Posted on March 21, 2018 by Jenny Cromack
Ieuan’s Insight Into Exercise Rehabilitation
Injury is something most of us experience at some time in our daily training/sporting lives. How we fix it is often put in the hands of someone else; a sports therapist, like myself, a physio, a doctors, a rehabilitator. We can fall into the trap of being a little passive with this and just letting them do what they feel right and we just robotically get on with it. If we, however, had a little more knowledge of key principles of exercise rehabilitation we may be able to start proactively helping ourselves and at times question or liasie with our rehabilitation experts. This brief article will highlight my approach to exercise rehabilitation (generally), and offer an insight into the principles we need to consider.
The first stage of rehabilitation occurs after any initial trauma has been dealt with. Usually about 72 hours+, after we have applied the POLICE principle (Protection, Optimum Loading, Ice, Compression, Elevation). The specificity of the rehabilitation plan is dependent on the type of tissues injured, for example a muscular strain rehab plan would differ slightly from a ligament sprain. The following offers insight into what principles need tackling at what stage.
In the early stage our focus should be on maintaining and pushing range of movement, maintaining some loading of the tissues through movement, and keeping the muscles “awake”. Depending on the injury severity these exercises will most likely be non- or partial weight bearing. As well as gentle stretching techniques, the range of movement exercises would simply be taking the limb through its normal movements in a non-weight bearing or partial weight bearing position. For example, in a knee injury we may guide a patient to sit on the floor and slide their knee back and forth so it bends and straightens in a pain free range. Additionally, we would want to contract the muscles isometrically (so no movement occurs), and squeeze the muscles for a given time, hold it, relax, and repeat. Alongside these range of movement exercises we would try, where possible, to maintain our cardio-vascular fitness. It may be that swimming is appropriate, a hand bike, or whatever doesn’t hurt or damage the injured area.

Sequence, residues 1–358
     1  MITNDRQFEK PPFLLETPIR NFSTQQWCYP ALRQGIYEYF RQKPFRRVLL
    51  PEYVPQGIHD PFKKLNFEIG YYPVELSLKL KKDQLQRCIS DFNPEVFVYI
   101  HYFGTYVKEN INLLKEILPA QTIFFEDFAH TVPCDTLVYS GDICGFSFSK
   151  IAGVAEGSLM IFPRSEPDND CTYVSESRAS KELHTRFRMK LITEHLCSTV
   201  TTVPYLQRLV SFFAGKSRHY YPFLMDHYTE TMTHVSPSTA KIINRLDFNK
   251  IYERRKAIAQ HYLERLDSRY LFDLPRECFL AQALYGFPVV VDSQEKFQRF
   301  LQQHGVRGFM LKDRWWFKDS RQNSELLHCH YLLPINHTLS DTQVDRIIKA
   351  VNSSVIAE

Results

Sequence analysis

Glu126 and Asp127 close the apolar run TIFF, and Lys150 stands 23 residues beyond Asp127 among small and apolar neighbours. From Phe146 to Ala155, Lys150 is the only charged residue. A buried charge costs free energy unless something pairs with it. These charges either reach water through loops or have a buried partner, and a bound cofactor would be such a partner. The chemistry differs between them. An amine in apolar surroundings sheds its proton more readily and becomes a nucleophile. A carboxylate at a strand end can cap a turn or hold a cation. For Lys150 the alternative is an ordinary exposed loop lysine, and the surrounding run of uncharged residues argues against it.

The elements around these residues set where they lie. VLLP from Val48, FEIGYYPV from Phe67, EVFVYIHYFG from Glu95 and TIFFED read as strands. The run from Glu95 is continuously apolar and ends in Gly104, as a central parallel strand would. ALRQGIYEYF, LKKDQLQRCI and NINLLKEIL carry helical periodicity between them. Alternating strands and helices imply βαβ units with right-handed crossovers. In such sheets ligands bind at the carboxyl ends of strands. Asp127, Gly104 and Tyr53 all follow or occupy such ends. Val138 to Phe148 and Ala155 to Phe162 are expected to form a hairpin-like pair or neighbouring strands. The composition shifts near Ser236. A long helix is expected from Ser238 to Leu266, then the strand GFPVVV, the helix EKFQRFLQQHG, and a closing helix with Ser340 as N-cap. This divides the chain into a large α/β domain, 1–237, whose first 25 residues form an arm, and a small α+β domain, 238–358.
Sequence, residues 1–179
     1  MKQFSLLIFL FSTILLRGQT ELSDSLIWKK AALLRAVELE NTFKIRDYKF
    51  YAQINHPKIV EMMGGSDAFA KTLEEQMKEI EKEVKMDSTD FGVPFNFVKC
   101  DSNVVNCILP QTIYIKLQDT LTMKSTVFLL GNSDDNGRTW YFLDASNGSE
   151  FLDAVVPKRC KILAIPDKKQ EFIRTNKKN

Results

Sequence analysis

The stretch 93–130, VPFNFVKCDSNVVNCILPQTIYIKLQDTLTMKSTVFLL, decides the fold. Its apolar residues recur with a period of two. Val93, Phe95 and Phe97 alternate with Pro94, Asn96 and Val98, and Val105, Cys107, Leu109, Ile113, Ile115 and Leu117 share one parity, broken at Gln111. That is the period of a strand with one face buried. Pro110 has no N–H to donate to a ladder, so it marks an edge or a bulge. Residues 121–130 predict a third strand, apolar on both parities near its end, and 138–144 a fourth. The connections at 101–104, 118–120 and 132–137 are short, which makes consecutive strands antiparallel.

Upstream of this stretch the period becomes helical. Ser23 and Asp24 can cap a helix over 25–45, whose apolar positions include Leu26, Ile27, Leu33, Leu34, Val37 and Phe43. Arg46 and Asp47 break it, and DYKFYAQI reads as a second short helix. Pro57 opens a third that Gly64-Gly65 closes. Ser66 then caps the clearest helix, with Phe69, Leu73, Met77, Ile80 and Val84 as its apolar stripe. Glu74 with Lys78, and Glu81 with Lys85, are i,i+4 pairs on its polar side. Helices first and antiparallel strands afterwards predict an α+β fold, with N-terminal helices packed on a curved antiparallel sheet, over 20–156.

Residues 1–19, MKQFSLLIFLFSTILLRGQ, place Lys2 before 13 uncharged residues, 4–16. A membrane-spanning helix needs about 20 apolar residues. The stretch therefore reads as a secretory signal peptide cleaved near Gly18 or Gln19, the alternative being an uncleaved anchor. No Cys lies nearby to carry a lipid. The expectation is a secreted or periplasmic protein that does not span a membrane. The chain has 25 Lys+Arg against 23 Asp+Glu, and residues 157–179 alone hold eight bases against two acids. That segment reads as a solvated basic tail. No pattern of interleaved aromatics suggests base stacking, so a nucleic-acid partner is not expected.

By this stage we should have relatively good range of pain free movement, and pain free partial, or full, weight bearing. Here is where we may push the range of movement exercises towards the end range, we may even begin to use tools to passively help it reach end range (e.g., bands, dowel rods, or manual therapy). Our muscular strength exercises here can become more weight bearing and we could begin to introduce some concentric exercises (muscles shortening as they contract) in an open-chain fashion. For example, in the knee we may introduce some leg curl or extension exercises and begin to gently and progressively load these up with bands or machines. It may also, be a good place to begin some partial-weight bearing, closed-chain exercises, such as supported squats which can be progressed to full weight-bearing or single-leg etc.